4. Optimize onsite
Your local online presence goes further than just your listing, your website contributes as well. When optimizing your website for local, do the following things:
•    If you have multiple locations, make sure each one has its own specific page on your site.
•    Each location page on your site should list the city and state in the title tag.
•    Location information, such as NAP, should be marked up using html tags. You can use Schema.org to get the latest markup that is recognized by the major search engines.
•    While Google no longer accepts geo sitemaps, it’s still a good idea to upload a keyhole markup language file to your site and point to it from your extensible markup language sitemap. You can easily create a KML file on SiteMapDoc.com.

5. Monitor
In the hospitality industry, what customers are saying about you is important. It’s not enough to just optimize your local presence, you also need to monitor it. According to a study on Search Engine Land, 72% of online consumers trust online reviews. So what does that mean for your business? One bad review can cause a world of hurt. To manage your online presence, it’s important you keep an eye on what people are saying about your business and respond—not just to the negative reviews, but the positive ones as well.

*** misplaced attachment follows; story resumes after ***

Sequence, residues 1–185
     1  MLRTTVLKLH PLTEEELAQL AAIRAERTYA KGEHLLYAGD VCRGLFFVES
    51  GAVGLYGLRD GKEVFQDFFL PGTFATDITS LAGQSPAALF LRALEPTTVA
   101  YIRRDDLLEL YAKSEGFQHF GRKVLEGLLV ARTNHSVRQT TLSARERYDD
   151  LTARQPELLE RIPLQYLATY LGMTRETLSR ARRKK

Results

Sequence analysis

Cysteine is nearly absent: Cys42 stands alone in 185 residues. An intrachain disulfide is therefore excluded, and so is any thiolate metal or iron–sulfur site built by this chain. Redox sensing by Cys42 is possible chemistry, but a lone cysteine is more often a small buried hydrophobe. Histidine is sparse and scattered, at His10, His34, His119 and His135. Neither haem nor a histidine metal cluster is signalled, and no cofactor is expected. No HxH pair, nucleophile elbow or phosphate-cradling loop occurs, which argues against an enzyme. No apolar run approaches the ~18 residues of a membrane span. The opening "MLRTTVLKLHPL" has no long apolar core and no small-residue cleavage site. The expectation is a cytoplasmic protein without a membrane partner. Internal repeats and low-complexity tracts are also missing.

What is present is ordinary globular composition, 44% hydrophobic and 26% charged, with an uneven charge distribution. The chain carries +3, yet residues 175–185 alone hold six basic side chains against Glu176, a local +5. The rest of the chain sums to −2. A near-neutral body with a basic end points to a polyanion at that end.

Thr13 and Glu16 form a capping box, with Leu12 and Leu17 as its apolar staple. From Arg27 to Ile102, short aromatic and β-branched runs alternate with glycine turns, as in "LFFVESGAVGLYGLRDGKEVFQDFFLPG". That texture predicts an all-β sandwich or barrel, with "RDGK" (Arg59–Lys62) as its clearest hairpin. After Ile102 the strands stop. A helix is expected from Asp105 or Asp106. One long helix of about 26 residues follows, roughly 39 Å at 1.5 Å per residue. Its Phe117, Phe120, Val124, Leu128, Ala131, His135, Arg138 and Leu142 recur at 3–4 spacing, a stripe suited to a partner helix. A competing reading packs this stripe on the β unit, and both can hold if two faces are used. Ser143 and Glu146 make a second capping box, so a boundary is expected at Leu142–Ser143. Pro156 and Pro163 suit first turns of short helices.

As local continues to become a bigger and bigger part of search, it is important to stay on top of it and make sure you are in control of your hotel’s online presence.

Brooke Snow joined the SEO world and Anvil Media, Inc. back in 2010. As a digital strategist at Anvil, Brooke is responsible for the creation and execution of various client online marketing strategies, specializing in Local SEO as well as in various industry verticals including hospitality and education. As an alum of the University of Oregon School of Journalism with a major in Advertising Brooke started her career at more traditional advertising agencies managing client work ranging from interactive web projects to print and collateral.

The opinions expressed in this column do not necessarily reflect the opinions of HotelNewsNow.com or its parent company, Smith Travel Research and its affiliated companies. Columnists published on this site are given the freedom to express views that may be controversial, but our goal is to provoke thought and constructive discussion within our reader community. Please feel free to comment or contact an editor with any questions or concerns.

1 Comment

  • Anonymous October 10, 2012 4:09 AM

    Hi Brooke, I have several hotels that are in suburban Minneapolis/St. Paul, MN. So we are located in a suburb, but a short drive from downtown, 15-20 miles. Many of my hotels have different city names that display as a result of the zip code falling under different locations. In the past, we felt that it would benefit us if the zip showed our hotels in Minneapolis as opposed to the suburb that they are actually located in, but after reading your recommendations, I'm second guessing that strategy. And that when the hotel displays in the suburb on one site and as Minneapolis on another site, our overall ranking in search is being harmed because it isn't consistent. Any suggestions?